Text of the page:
All of our knowledge about everything is incomplete. Every being only ever sees a tiny fraction of reality, and all our logic, emotions and heuristics are instinctive best-guesses. Any theory about reality, from routine physics theories to outlandish religions, rely on the shared experiences of mankind. Yet even if you combine the efforts of millions of people you do not guarantee that in consensus, you find actual truth. The entire Human species has been wrong on major aspects of reality - the Earth is not flat, for example. If mass belief isn't a guide to what is true, then, how can any individual ever ascertain truth, amidst his own personal limits of knowledge?
There is an arena of thought where organisations have tried to force human thought into specific forms, and has consistently failed: religion. No matter how hard clerics try, individuals automatically and instinctively come to have different beliefs: sometimes in a minor way and sometimes in a way that causes entire new religions to emerge. There are no recorded cases of religious communities all believing the same things together. The Catholic priest and psychoanalyst W. W. Meissner says "belief systems, as they come to be individually internalized, always bear the stamp of the individual's personality"3.
Robin Le Poidevin is Professor of Metaphysics at the University of Leeds. He highlights this problem on his book on time and space quoted from below. What he mentions with reference to time equally applies to measurements of distance, and eventually, to the description of all events and realities.
“Although we could perform a test that would show some kinds of timepiece to be more accurate than others, it [is] impossible to tell whether an instrument was 100 per cent accurate since all one had to judge accuracy by was other instruments, whose accuracy could always be called into question.”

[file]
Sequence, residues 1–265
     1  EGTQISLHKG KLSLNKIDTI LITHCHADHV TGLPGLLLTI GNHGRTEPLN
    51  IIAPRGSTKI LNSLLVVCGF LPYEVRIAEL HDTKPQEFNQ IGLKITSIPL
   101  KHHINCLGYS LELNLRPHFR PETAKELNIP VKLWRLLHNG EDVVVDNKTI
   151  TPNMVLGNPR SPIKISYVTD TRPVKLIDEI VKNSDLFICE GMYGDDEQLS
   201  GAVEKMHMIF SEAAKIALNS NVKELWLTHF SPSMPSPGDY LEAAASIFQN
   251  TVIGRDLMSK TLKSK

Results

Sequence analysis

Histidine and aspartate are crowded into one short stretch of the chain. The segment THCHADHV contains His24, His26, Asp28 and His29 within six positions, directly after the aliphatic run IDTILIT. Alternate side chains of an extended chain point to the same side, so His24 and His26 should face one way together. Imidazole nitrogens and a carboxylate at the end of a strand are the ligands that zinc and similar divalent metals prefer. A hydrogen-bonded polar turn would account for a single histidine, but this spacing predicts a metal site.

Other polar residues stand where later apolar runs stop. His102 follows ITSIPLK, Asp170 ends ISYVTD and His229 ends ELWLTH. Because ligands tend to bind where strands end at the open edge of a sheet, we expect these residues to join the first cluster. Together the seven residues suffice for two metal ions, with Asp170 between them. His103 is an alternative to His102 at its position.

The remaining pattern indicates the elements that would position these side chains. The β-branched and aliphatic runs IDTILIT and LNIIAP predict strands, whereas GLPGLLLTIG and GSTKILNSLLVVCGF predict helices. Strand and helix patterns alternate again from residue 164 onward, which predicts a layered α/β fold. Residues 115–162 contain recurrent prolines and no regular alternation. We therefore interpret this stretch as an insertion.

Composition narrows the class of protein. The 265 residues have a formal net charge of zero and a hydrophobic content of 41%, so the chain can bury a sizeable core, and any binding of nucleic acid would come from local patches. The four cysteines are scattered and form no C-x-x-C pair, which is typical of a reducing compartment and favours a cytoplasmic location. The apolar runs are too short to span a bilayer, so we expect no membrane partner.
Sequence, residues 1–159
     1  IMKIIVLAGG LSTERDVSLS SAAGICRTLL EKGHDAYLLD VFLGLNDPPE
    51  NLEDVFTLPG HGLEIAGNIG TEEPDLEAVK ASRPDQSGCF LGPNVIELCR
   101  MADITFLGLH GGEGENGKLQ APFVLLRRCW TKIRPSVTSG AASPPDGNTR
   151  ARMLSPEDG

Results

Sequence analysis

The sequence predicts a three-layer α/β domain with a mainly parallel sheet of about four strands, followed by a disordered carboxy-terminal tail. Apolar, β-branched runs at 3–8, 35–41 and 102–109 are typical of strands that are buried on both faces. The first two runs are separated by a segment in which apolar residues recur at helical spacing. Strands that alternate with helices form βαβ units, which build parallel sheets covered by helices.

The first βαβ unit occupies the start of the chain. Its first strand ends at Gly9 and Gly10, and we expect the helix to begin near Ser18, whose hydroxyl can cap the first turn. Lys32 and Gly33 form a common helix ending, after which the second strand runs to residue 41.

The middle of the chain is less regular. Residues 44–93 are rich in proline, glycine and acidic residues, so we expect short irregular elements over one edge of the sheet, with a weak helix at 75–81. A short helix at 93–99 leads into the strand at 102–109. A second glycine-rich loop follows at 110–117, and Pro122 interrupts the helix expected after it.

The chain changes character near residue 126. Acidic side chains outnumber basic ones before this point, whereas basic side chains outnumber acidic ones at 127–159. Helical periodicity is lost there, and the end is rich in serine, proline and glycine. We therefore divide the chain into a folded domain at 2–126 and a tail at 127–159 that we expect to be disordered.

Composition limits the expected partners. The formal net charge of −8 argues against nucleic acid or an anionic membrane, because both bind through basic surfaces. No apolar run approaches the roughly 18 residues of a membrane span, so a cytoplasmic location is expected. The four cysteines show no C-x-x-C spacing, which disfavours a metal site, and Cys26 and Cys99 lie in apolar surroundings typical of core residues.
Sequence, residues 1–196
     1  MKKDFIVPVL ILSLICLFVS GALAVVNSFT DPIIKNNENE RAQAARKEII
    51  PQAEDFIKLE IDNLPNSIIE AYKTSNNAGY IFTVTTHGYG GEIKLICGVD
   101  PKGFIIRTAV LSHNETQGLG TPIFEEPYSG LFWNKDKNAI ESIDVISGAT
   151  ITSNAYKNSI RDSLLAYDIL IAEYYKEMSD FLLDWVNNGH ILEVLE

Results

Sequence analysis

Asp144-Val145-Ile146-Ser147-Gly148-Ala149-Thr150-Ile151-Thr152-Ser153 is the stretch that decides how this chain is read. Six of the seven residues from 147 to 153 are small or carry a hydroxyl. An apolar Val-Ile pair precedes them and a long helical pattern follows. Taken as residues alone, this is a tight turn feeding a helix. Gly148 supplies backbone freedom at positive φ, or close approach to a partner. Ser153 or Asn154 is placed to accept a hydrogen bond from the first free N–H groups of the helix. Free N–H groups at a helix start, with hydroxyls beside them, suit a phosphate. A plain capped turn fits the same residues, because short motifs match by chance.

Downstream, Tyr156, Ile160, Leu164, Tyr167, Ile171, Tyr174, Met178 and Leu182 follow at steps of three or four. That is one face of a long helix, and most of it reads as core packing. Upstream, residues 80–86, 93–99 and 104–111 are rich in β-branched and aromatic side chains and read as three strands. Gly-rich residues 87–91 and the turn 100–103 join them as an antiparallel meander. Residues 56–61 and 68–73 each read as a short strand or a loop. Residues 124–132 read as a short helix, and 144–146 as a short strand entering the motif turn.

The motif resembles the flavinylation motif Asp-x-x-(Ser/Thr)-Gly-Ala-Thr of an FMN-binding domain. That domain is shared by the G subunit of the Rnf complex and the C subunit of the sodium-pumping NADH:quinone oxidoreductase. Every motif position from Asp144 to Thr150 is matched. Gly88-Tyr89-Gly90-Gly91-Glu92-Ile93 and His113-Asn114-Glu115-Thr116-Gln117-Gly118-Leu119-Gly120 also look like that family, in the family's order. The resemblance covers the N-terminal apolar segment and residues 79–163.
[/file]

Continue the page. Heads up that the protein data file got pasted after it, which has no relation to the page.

"Travels in Four Dimensions: The Enigmas of Space and Time" by Robin Le Poidevin (2003)4
We see colors via "rods" and "cones" in our eyes. The rods, color-vision, come in three types receptive to red, green and blue. Our responses to colours and patterns of colours is altered by our early upbringing; people who are subject to extreme conditions (such as solitary confinement) can end up with depth sensitivity and colour perception that is radically different to other people. Also, genetic differences mean that some people can have radically different perception of colors.
A person born in the countryside develops naturally a more subtle and richer perception of countryside colours, but a person born in the city will distinguish between grays more readily, and to him countryside colors all look a bit more similar than they do to a person accustomed to them. Our life experiences and upbringing affects the clarity with which we see colours. As no two people have the same experiences, all people do view colours slightly differently for both genetic and historical reasons.